Author Topic: Old maps  (Read 519 times)

Online Top-of-the-hill

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Old maps
« on: Tuesday 26 December 17 19:31 GMT (UK) »
   On the late 19th century O.S. maps of my ancestral village there is marked "Paling post". It appears to be where the parish boundary crosses a road, but I can't work out quite what it would have been. I have looked at O.S. websites, but presume the term is no longer used.
Pay, Kent
Codham/Coltham, Kent
Kent, Felton, Essex
Staples, Wiltshire

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Offline Nick_Ips

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Re: Old maps
« Reply #1 on: Tuesday 26 December 17 19:53 GMT (UK) »

A 'paling' is a piece of wood cut in the rough out of a log. Typically used as the vertical elements of fencing.

A 'paling post' might be a post cut in the same manner used as a boundary marker?

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Offline stanmapstone

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Re: Old maps
« Reply #2 on: Tuesday 26 December 17 21:23 GMT (UK) »
Can you post the reference to the map and the scale? Looking at the Conventional Signs and Writing used on the 1/2500 County Series Plans there is no mention of "Paling Post".

Stan
Mapstone, Mapston.
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Online Top-of-the-hill

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Re: Old maps
« Reply #3 on: Tuesday 26 December 17 21:53 GMT (UK) »
   It is 25inch 1896. The same thing appears on the 1872.
Pay, Kent
Codham/Coltham, Kent
Kent, Felton, Essex
Staples, Wiltshire

Online Greensleeves

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Re: Old maps
« Reply #4 on: Tuesday 26 December 17 22:16 GMT (UK) »
I'm wondering if it refers to  the remains of a fence ie some posts, which marked out an ancient boundary.  The image of the map you shared seems to indicate a boundary at that location.

Regards
GS
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Offline Nick_Ips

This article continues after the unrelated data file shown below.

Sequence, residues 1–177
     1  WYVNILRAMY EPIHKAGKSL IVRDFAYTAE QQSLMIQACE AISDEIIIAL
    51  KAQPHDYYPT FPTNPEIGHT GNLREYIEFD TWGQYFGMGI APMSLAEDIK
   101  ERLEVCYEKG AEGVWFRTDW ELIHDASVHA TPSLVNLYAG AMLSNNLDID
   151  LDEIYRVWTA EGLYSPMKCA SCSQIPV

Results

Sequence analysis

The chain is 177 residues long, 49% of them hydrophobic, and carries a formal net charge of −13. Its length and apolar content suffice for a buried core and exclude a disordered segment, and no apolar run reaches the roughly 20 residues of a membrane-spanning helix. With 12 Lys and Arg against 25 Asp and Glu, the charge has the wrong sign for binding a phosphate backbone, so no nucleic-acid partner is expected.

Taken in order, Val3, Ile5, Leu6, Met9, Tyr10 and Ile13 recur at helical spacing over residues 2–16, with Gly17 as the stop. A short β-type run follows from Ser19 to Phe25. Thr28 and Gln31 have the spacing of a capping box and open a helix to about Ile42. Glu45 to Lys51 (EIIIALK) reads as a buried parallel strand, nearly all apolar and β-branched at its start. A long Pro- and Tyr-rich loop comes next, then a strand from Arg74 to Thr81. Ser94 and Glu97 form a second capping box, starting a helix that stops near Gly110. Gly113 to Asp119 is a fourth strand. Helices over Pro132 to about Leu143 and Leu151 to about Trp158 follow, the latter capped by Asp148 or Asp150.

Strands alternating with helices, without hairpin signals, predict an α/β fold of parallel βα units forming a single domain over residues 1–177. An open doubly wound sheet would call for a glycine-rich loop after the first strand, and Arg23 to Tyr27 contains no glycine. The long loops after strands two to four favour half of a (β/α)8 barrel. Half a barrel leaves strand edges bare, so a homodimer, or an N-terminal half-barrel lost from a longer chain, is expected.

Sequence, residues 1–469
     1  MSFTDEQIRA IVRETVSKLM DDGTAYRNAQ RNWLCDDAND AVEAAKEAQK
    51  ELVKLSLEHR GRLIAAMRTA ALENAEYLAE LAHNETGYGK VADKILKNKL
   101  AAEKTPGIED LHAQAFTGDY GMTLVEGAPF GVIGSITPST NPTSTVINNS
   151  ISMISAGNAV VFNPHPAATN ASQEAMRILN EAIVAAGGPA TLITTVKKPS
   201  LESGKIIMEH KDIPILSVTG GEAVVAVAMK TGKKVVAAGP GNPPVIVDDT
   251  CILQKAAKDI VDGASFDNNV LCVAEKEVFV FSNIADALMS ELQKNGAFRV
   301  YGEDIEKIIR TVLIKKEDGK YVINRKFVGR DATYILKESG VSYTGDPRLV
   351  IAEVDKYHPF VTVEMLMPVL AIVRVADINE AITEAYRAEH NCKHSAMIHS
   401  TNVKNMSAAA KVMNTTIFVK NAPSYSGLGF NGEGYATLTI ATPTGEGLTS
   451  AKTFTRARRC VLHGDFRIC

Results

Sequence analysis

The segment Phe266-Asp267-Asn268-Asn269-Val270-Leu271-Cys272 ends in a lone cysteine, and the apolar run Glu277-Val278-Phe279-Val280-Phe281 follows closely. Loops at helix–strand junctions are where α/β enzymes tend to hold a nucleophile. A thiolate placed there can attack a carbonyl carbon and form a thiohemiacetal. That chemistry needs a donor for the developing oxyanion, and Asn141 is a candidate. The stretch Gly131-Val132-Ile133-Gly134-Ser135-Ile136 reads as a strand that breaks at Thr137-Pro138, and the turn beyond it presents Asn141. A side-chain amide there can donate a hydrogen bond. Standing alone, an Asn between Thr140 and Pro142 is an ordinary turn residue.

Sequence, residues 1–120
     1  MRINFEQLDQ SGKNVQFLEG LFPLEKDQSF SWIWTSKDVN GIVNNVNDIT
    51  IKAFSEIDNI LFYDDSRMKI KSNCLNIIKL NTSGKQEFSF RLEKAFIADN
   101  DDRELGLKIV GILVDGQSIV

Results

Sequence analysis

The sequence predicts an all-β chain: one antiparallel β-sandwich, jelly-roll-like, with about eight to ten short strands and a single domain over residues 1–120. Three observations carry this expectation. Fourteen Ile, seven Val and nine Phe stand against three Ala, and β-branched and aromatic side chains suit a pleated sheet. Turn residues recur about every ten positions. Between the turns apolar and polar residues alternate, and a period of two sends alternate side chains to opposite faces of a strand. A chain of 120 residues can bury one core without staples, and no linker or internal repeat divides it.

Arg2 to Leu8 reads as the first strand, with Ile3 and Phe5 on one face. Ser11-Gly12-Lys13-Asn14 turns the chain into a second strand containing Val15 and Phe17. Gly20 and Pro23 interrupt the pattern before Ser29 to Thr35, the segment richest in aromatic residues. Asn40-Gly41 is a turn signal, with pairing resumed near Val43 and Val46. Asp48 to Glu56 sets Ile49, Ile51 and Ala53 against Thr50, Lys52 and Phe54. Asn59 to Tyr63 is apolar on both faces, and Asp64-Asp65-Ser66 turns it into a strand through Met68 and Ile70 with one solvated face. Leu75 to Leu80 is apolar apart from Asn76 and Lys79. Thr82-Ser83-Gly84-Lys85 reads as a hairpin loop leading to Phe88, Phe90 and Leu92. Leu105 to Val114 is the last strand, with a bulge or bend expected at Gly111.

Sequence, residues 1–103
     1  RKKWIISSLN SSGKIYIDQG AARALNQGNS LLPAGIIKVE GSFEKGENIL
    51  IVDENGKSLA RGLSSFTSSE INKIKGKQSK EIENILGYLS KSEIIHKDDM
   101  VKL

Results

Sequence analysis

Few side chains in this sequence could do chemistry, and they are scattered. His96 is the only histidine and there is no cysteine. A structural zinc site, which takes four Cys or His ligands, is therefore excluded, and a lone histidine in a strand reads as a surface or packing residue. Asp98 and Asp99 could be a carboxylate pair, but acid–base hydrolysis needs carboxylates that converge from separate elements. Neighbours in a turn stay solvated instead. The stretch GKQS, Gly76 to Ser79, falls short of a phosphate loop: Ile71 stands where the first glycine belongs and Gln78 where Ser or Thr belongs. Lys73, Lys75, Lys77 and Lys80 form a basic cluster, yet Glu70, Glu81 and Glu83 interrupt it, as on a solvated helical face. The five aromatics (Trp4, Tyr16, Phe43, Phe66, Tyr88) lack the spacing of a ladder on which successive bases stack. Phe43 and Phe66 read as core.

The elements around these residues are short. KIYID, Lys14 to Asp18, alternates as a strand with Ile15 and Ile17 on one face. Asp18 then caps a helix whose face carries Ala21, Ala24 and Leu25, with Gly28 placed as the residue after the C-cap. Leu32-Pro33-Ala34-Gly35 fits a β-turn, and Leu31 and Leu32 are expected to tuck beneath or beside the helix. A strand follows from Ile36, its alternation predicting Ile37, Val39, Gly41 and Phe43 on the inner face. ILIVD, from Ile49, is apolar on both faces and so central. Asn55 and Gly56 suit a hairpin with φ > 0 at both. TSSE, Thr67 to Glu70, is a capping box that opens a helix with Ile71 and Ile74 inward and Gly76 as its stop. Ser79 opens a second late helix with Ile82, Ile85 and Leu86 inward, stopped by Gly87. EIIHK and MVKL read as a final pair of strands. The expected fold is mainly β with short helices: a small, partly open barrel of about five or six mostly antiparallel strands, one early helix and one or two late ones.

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Re: Old maps
« Reply #5 on: Tuesday 26 December 17 22:18 GMT (UK) »
At that scale details of certain boundaries are described on the map as semi-free text. There are some standard terms such as "Und" = Undefined as shown towards the top of the extract. Other ones might be "CR" = Centre of road and "RH" = Root of hedge for example. A free-text one I've often seen is "Pollard" denoting a pollarded tree.

The 'paling post' appears to be located where there is a change in direction of the boundary (hence a marker post might be used), but also seems to be adjacent to a stream, so possibly is there to mark something related to the stream? Like maintenance responsibilities, fishing rights, something similar?

Online Top-of-the-hill

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Re: Old maps
« Reply #6 on: Tuesday 26 December 17 23:02 GMT (UK) »
   It is the parish boundary crossing the road, presumably that is what the post is marking, though it is usually a boundary stone? The stream is a winterbourne, which only runs when the water table is high enough, though it probably ran more in the past.
Pay, Kent
Codham/Coltham, Kent
Kent, Felton, Essex
Staples, Wiltshire

Offline stanmapstone

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Re: Old maps
« Reply #7 on: Wednesday 27 December 17 13:52 GMT (UK) »
Under the Survey Act the OS was entitled to call for a 'meresman' to point out to the surveyors the position of a public boundary. Public boundaries being invisible were 'mered' by reference to visible detail. The procedure was for the surveyor to be accompanied by a 'meresman' appointed by the parish to point out or verify the exact position of the boundary relative to detail on the ground. In this case it appears that the 'paling post' was an accepted point on the boundary, instead of a boundary stone/post.
Single trees which were prominent landmarks, had historical interest, or were points defining an administrative boundary were surveyed accurately with the type stated. 

Stan 
Mapstone, Mapston.
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Offline Mart 'n' Al

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Re: Old maps
« Reply #8 on: Wednesday 27 December 17 14:45 GMT (UK) »
I will mention that the expression 'beyond the pale' refers to something outside of what is familiar, i.e. outside the fenced area.

Martin
Gedmatch DNA Kit H062246. Names: Loughborough and Loughbrough, (London, Hull, Pirton and Hartlepool), Watson, (Bedlington, Jarrow & H'pool), Ballard & Glassop (E. London),  Leggett (Corton, Scarborough, Hartlepool, & Barnington, Yorks.)  Young & Wilson, (Hartlepool).  I use GRAMPS 4.2.6 software.